As we can see, lots of the noise on the table and walls has been cleared up by this process. However, there is still some remaining. We can try to clear up small differences between the two images by applying a blur to the input images using cv2's Gaussian Blur method, hoping to obscure noise and artifacts:

 

blurred1 = cv2.GaussianBlur(gray1, (11, 11), 0)

blurred2 = cv2.GaussianBlur(gray2, (11, 11), 0)




Again, we're seeing a good reduction in noise! Now, to further improve on this, we can use cv2.threshold to define how different an individual pixel must be from one frame to the next to be considered "Different". This requires some careful benchmarking, setting this threshold too low may cause noise to be interpreted as real differences, setting it too high may cause subtle differences (think wet spots!) to be ignored. Arbitrarily, let’s start with a threshold value of 20 (of 255 maximum):

 

difference = cv2.absdiff(equalized1, equalized2)

, thresh = cv2.threshold(difference, 20, 255, cv2.THRESHBINARY)


The result is underwhelming:



(Black sections are seen as "same" while colored sections are seen as "different" by the machine.)

 

So ,with a small threshold of 20, it is detecting the coffee cup, but it is also detecting smaller changes that don't warrant notifying an operator about, such as subtle lighting differences in the walls and table. While the histogram normalization reduced noise, the absolute final difference is still non-zero! Let’s try again with a higher threshold, say 80:



Now we see the background changes in the scene have been largely ignored, but also large portions of the cup have been as well (after all, the cup's color isn't far off from the gray wall behind it! That said, we can goldilocks this result a bit, say threshold = 50:



The threshold to be used for your scene will likely be different, depending on the camera, lighting, and subject of interest. Don't be afraid to adjust the blur and threshold values to suit your use case! Below is the full script we've used including the visualizations of the output:

import cv2

import numpy as np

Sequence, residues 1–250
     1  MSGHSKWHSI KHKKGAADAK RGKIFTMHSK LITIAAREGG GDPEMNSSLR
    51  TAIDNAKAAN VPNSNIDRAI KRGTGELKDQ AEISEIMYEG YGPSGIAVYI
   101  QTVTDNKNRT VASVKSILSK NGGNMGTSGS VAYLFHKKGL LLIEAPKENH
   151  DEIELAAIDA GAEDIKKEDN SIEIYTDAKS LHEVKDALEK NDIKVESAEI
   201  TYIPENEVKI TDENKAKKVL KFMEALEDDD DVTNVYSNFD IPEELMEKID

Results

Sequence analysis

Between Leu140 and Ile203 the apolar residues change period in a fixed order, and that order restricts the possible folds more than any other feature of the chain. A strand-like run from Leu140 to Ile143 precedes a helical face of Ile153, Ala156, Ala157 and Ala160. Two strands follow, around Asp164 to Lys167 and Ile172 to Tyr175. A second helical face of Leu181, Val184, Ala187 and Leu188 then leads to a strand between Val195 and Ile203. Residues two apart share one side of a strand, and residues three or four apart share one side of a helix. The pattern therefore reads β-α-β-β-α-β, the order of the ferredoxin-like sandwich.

# Load the images

image1 = cv2.imread('image1.jpg')

image2 = cv2.imread('image2.jpg')

# Convert to grayscale

gray1 = cv2.cvtColor(image1, cv2.COLOR_BGR2GRAY)

gray2 = cv2.cvtColor(image2, cv2.COLOR_BGR2GRAY)

# Apply Gaussian blur to both images

blurred1 = cv2.GaussianBlur(gray1, (21, 21), 0)  # Kernel size 5x5, sigmaX=0 (auto calculate)

blurred2 = cv2.GaussianBlur(gray2, (21, 21), 0)  # Adjust kernel size and sigmaX as needed

# Equalize histograms of the blurred images

equalized1 = cv2.equalizeHist(blurred1)

equalized2 = cv2.equalizeHist(blurred2)

# Compute the absolute difference

difference = cv2.absdiff(equalized1, equalized2)

# Apply a threshold

, thresh = cv2.threshold(difference, 50, 255, cv2.THRESHBINARY)

# Find contours in the thresholded image

contours, = cv2.findContours(thresh, cv2.RETREXTERNAL, cv2.CHAIN_APPROX_SIMPLE)

# Overlay contours on the original image

overlay_image = image1.copy()

cv2.drawContours(overlay_image, contours, -1, (0, 0, 255), 2) # Draw in red

# Optionally, create a mask for the differences

mask = np.zeros_like(image1)

cv2.drawContours(mask, contours, -1, (255, 255, 255), -1) # Fill the contours

# Create an image that shows the differences in a specific color (e.g., red)

diff_color = cv2.bitwise_and(image1, mask)

# Show the images

cv2.imshow('Before', image1)

cv2.imshow('After', image2)

cv2.imshow('Differences', diff_color)

cv2.imshow('Overlay', overlay_image)

cv2.waitKey(0)

cv2.destroyAllWindows()

 

 

In action, this technology can be used for the case originally mentioned, detecting discoloration due to wet spots and water damage:



 Conclusion

In conclusion, this blog post demonstrates a simple case of using computer vision to detect changes, such as moisture or damage in concrete structures. It's an area ripe with potential, already showing promising results. However, there are pitfalls to be avoided and it's likely not a catch-all solution. We expect this to work well with and enhance, not replace, existing moisture detection systems.


Tenera is excited about the potential of this technology as AI continues to evolve. We're looking at a future where we can not only detect issues but also predict, categorize, and identify the severity of them. Stay tuned on our blog for future iterations, and if you're keen to get involved with innovative projects like this, keep an eye on Tenera's job listings.